Lekota said anti-apartheid forces within South Africa were planning "mass action on a scale that has not been seen" in the country for many years.
"Apartheid is well and alive," he said. "Do not be misled."
Decades of struggle
The ANC, founded 1912, was banned in April 1960. Until then it had engaged strictly in nonviolent protest, but in 1961 it launched an armed wing, headed by Mandela, which conducted military actions against the government. Mandela was arrested in 1962 and sentenced to life in prison, as were many other top ANC leaders; Mandela alone remains imprisoned. The ANC's main leadership currently is based in Zambia.
Lekota called the ANC, oldest and largest of the anti-apartheid organizations, the key representative of South Africa's black people. The UDF, whose philosophy and goals are the same as that of the ANC, was formed after the government's adoption of a new constitution and has essentially provided the ANC with an organized presence in the country.
Two major anti-apartheid groups conflict with the ANC from different sides of the political spectrum. The Pan-Africanist Congress, which was also legalized last week, was founded in 1959 in a split with the ANC. The PAC is more militant than the Congress -- calling for an armed takeover by blacks -- and less willing to negotiate.
The Inkatha movement of Zulu Chief Mangosuthu Buthelezi is more conservative than the ANC. It has for the last three years struggled with the ANC for control of the black townships in Natal Province.
Lekota did not believe Inkatha would continue to be a major player. "Buthelezi's position has been seriously undermined," Lekota said. "He [has] lost support ... among the ordinary masses of workers."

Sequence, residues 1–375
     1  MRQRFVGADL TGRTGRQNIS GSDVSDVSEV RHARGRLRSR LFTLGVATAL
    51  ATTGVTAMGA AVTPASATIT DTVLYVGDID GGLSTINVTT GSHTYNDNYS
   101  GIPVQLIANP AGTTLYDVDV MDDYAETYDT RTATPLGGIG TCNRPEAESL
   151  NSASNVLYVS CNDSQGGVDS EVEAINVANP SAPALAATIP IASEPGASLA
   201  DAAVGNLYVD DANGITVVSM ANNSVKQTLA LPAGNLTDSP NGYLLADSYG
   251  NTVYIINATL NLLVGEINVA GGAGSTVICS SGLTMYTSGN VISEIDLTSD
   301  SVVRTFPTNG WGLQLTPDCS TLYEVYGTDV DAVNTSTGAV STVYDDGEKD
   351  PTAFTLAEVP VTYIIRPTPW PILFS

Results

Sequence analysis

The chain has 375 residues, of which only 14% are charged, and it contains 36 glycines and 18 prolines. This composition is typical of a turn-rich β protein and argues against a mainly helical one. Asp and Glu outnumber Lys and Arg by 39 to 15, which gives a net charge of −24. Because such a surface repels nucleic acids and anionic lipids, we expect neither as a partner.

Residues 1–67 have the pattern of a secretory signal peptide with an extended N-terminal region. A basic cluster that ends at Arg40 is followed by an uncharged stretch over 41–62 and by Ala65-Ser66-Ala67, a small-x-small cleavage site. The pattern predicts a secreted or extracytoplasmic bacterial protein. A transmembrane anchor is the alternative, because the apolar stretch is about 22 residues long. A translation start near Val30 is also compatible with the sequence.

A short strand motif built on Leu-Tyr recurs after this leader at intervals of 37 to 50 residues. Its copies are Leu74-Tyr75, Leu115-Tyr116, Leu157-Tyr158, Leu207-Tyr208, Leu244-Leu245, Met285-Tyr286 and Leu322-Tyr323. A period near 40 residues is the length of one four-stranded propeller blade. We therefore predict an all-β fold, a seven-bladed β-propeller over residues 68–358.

A new generation
of white leaders
He noted that de Klerk and the other current leaders of the National Party have grown up since 1948. It was in 1948 that the party came to power and began building the system of white political domination and racial separation known as apartheid.
The new leaders are more sensitive to international pressure, Lekota said. In recent years, young Afrikaners have begun to leave the National Party, believing its old policies incapable of dealing with South Africa's problems, according to Lekota. He believed de Klerk's moves were intended, in part, to shore up support among the younger generations.
Moreover, the National Party's leaders realize "they need to make a future for their children." They are thinking carefully about whether they want their children to fight a protracted struggle for power with the black African majority, Lekota said.
He believed ultraconservatives would not be able to stop the trend toward reform. They may be able to weaken the National Party to an extent, but they "do not have the support and strength" to halt the liberation movement, Lekota said.